By Debbie James

Milk recording data is helping a Conwy dairy farm breed replacements from cows yielding 1kg milk solids (MS) to every 1kg of their liveweight.

The herd at Llwyn Goronwy near Llanrwst was converted to spring calving in 2012 by using Jersey and New Zealand Friesian genetics on the 150-cow Holstein herd.

Cow numbers have more than doubled to the 320 crossbred cows brothers Elgan and Gareth Evans and their father, Brynmor, now milk.

They are now in a position to improve cow efficiency, says Elgan.

“We want a 550kg black and white cow producing 550kg of milk solids (MS) and 320 of them, not cows producing 10,000 litres of white water.

“Until now it was all about numbers, if a cow was in calf we would keep her but now we have sufficient cows we need to look at efficiency.’’

The business has been evaluating the benefits of milk recording in a spring block calving herd through its work as a Farming Connect focus farm.

By analysing kilogrammes of butterfat and protein produced and comparing this to cow liveweight, the most efficient cows in their herd have been identified.

Cows were weighed at 100-120 days in milk in August 2019 and, following a programme of milk recording, their performance and size were compared.

The most efficient cows are 19 cows that produce 1kg MS per 1kg liveweight and a heifer achieving 1.36kg MS per 1kg of liveweight.

“Overall we were pretty happy with the data, the average weight was 527kg and 25 per cent of the cows are hitting the targets we are aiming for,’’ says Elgan.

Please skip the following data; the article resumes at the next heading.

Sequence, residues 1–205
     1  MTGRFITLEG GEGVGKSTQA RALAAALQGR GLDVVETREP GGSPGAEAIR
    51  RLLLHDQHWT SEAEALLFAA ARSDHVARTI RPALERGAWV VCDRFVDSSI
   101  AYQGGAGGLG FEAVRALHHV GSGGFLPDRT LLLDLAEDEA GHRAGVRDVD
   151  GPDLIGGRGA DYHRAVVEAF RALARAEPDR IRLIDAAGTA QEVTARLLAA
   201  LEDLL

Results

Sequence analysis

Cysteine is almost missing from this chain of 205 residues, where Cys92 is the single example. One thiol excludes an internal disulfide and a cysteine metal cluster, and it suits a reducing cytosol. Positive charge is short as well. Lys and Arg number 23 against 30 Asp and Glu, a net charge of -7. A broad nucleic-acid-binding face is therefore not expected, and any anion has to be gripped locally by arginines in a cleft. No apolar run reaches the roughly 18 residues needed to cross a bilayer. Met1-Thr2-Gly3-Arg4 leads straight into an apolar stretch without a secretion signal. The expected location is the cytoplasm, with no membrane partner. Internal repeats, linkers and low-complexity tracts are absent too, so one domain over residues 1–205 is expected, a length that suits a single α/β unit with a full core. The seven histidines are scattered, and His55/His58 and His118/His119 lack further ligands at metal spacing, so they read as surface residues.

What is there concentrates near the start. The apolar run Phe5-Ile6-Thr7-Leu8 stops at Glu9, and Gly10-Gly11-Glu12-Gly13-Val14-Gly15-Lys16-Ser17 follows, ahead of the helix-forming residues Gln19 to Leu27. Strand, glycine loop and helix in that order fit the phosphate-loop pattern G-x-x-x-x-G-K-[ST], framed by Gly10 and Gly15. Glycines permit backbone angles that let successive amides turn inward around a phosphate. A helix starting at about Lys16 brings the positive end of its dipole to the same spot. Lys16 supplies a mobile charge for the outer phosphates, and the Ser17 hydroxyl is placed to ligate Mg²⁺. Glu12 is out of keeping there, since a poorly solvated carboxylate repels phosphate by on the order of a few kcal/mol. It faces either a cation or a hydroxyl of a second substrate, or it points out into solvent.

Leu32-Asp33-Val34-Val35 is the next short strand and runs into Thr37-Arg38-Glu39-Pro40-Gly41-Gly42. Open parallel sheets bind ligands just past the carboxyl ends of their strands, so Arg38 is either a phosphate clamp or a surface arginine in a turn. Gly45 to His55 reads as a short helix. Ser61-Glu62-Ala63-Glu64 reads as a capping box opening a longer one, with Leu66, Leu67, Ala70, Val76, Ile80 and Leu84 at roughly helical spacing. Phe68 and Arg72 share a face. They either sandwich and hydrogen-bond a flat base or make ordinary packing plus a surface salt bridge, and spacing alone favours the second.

“These are the type of cows we want, now we know who they are we can focus on breeding our future herd from them. We can select the better cows to move the herd forward.’’

The bottom performers include a 700kg cow producing 0.49kgMS per 1kg liveweight.

“About 15 per cent had pretty disappointing results,’’ Elgan admits.

“We have animals at the top, middle and bottom so the less efficient of these will be bred only to a beef bull or, when we have an excess of heifers, we will lose them from the herd.’’

The herd at Llwyn Goronwy has an annual average milk yield of 6,000 litres at 4.4 per cent butterfat and 3.6 per cent protein, with milk sold to Arla.

Farming Connect Lead Technical Officer Simon Pitt, who oversaw the project, says the project highlighted an anomaly in milk recording systems.

Current reporting systems are more suited to all-year round (AYR) herds rather than block calving systems, Mr Pitt suggests.

“There is no option to input milk solids kg liveweight data, so we had to input this manually on a spreadsheet,’’ he points out.

With 53 per cent of the milk produced in the UK sold on a solids contract, Mr Pitt says this needs to be reviewed.

If more spring calving herds are to take up the option of milk recording then fertility and production information should be presented in a relevant format which is essential if herds are to become more efficient, he says.

“For instance in some programmes there is no option to input kg/LW for each cow or heifer; if this was the case it would in turn work out who the top performers are which in turn would run a report that ranks the best animals.’’

With a rolling annual somatic cell count of 130,000 cells/ml, milk produced at Llwyn Goronwy falls into the highest price band.

However, with cell count data on individual cows now available through milk recording, the Evans’ will cull individual cows with persistently high cell counts.

“We will be putting beef straws onto the bottom 25 per cent of cows and see where we are when we have scanned the cows at the end of the breeding season and make a decision of which to keep and which to let go of,’’ says Elgan.

Milk recording will now be routine going forward, he says.

“This project gave us the push that we needed to record and it will give us the information to make adjustments to save pence per litre.’’